When working on turbines, workers would mix raw asbestos into a cement-type plaster that could then be applied as insulation. This process created a large amount of asbestos dust that could cover workers and be carried throughout the facility.
When a turbine needed to be repaired, Georgia-Pacific workers were also tasked with stripping the turbine down, removing the asbestos insulation to prepare the equipment to be taken out by contractors.
Occupations at Risk of Asbestos Exposure
Anyone in the vicinity of asbestos materials may have been exposed to the deadly carcinogen when dust and fibers were released into the air during routine maintenance and repair work. However, the following occupations at Georgia-Pacific were at a high risk for asbestos exposure:
- Boiler workers
- Maintenance workers
- Construction workers
If you or a family member was exposed to asbestos years ago but has now been diagnosed with an asbestos disease, you can still recover compensation for medical bills, lost wages and other losses. Contact the knowledgeable New York mesothelioma attorneys at Belluck & Fox today to learn about your options.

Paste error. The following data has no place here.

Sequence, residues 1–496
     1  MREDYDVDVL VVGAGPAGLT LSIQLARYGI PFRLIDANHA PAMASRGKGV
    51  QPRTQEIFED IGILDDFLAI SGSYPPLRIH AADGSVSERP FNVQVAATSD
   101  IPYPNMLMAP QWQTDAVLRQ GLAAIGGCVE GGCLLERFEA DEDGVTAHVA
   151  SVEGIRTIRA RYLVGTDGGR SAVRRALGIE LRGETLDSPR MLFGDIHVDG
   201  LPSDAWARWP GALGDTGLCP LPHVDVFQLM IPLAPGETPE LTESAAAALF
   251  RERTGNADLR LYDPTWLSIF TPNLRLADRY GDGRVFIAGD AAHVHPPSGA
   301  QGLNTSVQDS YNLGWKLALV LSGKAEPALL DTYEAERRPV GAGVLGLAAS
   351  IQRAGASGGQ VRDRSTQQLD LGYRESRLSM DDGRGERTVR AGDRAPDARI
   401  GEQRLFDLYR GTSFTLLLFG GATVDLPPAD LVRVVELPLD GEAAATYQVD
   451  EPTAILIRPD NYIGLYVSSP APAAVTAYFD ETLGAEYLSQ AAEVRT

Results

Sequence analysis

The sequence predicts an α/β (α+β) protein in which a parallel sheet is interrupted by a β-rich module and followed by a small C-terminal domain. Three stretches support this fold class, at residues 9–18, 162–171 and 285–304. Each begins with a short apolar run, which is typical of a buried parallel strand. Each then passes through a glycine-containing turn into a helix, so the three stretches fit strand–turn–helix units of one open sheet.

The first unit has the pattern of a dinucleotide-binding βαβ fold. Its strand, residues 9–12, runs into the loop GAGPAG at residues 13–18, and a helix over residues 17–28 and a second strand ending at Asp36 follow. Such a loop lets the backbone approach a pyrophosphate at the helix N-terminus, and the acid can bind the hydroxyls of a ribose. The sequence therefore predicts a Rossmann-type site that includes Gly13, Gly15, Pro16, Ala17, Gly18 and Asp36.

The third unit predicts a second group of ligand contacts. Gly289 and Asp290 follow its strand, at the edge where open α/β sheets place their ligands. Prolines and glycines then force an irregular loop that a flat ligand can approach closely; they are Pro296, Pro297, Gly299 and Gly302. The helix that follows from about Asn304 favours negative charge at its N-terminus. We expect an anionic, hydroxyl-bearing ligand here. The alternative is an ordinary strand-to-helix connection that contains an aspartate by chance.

Secondhand Asbestos Exposure from Georgia-Pacific
In the course of their work at Georgia-Pacific, workers would become covered in dust containing asbestos. Typically, workers went so far as to change clothes before leaving the plant or blowing off the dust with an air hose before going home. Sometimes, on long shifts, workers would take a break in the afternoon and wear their dusty clothes home to get lunch before returning to return.
There is no safe level of asbestos exposure, and dust carried home on clothing, skin or hair may have put workers’ family members at risk of exposure. Family members who have been diagnosed with an asbestos disease due to “take-home” exposure are eligible to file claims for compensation.